So.. firstly, let’s talk about why quitting plastic is so important…

Currently, we produce 300 billion kilograms of plastic in the world every year. In the last ten years, we have produced MORE plastic than the whole of the last century. More than 8 billion kilograms of this plastic ends up in our oceans and it is predicted that in 32 years, in 2050, there will be more plastic in the ocean than there is ocean life.

I went through my whole childhood not even blinking an eye at the thought of food wrapped in plastic, or when using plastic cups, bags, straws, cutlery, bottles, etc.

 

 

Plastic is such a widely used material because it is very durable – but because it is so good at being durable, it is also indestructible. This means that it will never biodegrade; never break down. It will only ever break apart into smaller and smaller and smaller pieces until they are about only a one-one thousandth of a one-one thousandth of a millimeter. Scary, huh? What is even scarier, is that all these pieces of plastic we use need to go somewhere – putting them in the trash, unfortunately, doesn’t make them magically disappear.

So, how can we call plastic items ‘disposable’ when they never go away? Where do they go? …

The answer is into the ocean. Washing up on small islands – destroying the health of communities and villages. Into the stomachs of sea animals, which leads to many diseases and death as a result. And finally… plastic ends up in the stomachs of us, humans.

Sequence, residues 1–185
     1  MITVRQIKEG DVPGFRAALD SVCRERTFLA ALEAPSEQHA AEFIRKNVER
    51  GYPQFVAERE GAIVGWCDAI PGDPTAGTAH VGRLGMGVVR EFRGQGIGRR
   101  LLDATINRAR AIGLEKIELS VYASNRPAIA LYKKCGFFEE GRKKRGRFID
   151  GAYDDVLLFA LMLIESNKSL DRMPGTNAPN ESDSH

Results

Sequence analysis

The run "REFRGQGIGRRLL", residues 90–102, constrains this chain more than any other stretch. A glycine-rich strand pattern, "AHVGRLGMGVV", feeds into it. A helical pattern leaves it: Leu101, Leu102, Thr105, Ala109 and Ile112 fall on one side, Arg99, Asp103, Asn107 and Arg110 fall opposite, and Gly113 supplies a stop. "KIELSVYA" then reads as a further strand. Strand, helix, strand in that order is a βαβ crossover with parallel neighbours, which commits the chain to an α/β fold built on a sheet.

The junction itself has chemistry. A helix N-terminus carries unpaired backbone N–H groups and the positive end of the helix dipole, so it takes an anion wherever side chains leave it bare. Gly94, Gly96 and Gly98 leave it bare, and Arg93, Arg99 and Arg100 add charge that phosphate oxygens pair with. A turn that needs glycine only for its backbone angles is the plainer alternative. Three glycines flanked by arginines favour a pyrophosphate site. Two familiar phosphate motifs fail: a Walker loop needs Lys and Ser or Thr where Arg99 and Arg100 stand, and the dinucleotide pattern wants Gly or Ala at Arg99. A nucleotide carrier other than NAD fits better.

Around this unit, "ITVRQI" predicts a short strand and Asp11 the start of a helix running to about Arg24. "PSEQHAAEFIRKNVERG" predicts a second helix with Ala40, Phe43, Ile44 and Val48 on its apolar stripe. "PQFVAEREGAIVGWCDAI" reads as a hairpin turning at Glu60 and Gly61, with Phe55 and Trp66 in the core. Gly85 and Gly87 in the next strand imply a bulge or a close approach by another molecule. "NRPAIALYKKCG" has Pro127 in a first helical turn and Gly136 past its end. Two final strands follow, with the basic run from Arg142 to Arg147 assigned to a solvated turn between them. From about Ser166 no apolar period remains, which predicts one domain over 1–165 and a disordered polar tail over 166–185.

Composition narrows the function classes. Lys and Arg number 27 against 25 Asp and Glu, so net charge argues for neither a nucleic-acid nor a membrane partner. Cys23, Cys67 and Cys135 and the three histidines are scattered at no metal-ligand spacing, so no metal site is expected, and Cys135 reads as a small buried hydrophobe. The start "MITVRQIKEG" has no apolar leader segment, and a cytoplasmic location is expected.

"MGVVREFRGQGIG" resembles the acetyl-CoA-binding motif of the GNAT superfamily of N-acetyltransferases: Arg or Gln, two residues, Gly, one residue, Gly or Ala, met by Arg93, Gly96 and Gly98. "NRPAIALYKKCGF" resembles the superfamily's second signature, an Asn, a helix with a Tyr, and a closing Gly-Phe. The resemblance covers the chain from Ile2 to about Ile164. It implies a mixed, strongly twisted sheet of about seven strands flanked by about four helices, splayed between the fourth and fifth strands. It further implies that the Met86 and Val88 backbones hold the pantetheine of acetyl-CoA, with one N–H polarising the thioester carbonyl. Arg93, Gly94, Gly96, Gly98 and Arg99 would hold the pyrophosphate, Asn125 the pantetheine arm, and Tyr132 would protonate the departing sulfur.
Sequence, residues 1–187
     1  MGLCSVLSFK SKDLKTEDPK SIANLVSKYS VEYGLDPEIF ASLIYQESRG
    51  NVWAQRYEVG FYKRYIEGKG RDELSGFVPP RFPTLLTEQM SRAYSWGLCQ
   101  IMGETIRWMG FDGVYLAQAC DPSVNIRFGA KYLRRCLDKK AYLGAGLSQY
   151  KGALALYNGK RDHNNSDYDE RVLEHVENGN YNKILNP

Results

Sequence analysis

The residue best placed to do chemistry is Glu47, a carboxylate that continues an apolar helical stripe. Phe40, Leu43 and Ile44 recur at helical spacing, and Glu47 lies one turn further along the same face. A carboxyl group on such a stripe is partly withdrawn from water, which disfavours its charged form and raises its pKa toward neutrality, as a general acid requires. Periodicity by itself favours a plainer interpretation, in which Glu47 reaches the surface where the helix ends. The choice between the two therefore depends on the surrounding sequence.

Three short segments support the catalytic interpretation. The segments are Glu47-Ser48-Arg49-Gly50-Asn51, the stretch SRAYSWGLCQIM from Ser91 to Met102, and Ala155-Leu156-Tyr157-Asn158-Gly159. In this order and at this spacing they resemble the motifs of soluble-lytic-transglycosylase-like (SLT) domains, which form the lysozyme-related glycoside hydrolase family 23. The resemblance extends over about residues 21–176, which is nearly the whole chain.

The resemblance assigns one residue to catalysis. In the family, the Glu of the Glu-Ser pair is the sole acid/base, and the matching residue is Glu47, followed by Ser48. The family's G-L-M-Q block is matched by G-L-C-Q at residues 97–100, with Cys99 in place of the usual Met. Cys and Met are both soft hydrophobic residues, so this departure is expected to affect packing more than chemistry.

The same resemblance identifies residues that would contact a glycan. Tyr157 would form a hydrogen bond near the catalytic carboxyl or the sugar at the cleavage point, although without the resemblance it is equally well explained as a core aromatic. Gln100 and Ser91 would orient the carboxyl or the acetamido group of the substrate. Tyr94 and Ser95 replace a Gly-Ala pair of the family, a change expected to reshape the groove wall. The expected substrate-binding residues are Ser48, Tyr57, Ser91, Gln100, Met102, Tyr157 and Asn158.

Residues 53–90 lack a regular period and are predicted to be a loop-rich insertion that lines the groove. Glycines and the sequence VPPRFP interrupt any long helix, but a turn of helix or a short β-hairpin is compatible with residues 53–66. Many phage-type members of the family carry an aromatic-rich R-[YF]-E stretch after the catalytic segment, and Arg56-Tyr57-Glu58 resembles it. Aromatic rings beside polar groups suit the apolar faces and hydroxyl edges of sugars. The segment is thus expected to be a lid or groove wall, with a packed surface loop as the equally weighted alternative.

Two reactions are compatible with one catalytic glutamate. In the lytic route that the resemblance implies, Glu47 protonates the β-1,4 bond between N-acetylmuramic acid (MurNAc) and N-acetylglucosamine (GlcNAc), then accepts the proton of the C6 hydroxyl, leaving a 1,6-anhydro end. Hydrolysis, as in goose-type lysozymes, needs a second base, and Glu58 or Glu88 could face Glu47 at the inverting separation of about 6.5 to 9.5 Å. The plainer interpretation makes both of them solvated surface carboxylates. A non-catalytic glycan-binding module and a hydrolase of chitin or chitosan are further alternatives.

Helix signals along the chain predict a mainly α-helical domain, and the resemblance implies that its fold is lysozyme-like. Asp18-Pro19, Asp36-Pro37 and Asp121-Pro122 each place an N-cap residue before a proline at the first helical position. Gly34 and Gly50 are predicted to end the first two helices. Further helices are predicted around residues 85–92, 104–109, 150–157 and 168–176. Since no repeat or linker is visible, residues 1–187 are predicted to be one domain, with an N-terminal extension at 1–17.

Beach clean up rubbish.jpg

Did you know that there are toxic chemicals in microplastics associated with serious health conditions such as cancer? And when fish or mammals consume these microplastics, the toxins release into their fatty tissues?

Toxic chemicals. Yikes.

Micro-plastics have been found in many of the sea animals that humans consume, and so humans basically consume the toxins that have dissolved into the fatty tissues of these sea animals.

Meaning, if you eat seafood, there is a definite chance you’re also eating harmful chemicals from plastics.

While there is evidence that seafood is not necessary for a healthy diet [15], there is not yet enough evidence to show the exact long-term effects that plastics are having on our bodies, as it is still considered an emerging factor of concern.

We do, however, have some research showing the current health implications that the use of plastics has on our health, including associations with:

  • Cardiovascular, liver, urologic, genital and endocrine (hormone-related) diseases [14] :
    • Endocrine disruption and Infertility in humans, from the chemical BPA, found in plastics [1]
    • Lower quality of sperm in males [4,6]
    • Increased risk of diabetes, obesity, and liver dysfunction in humans [2]
    • Cardiovascular disease and hypertension [3]
    • Developmental and reproductive toxic effects [12]
  • Genital, prostatic, endometrial, ovarian and breast diseases from affected biochemical and toxicogenomic mechanisms [13]
  • Affects childhood behavioural outcomes [5]
  • Development of the brain [7]
  • Asthma and allergies [8, 9, 10, 11]

And lots, lots more…. but I think you get the point.

It is not only eating seafood that puts us at risk of getting toxic chemicals in our systems. Other ways that these chemicals from plastics transport into our body include from:

  • Plastic food containers
  • Food wrapped in plastic
  • Cosmetics and personal care products
  • Flooring and wall coverings
  • Medical devices (tubing and blood gags)
  • Varnishes
( [1] and more info can be found on http://www.plasticoceans.org website )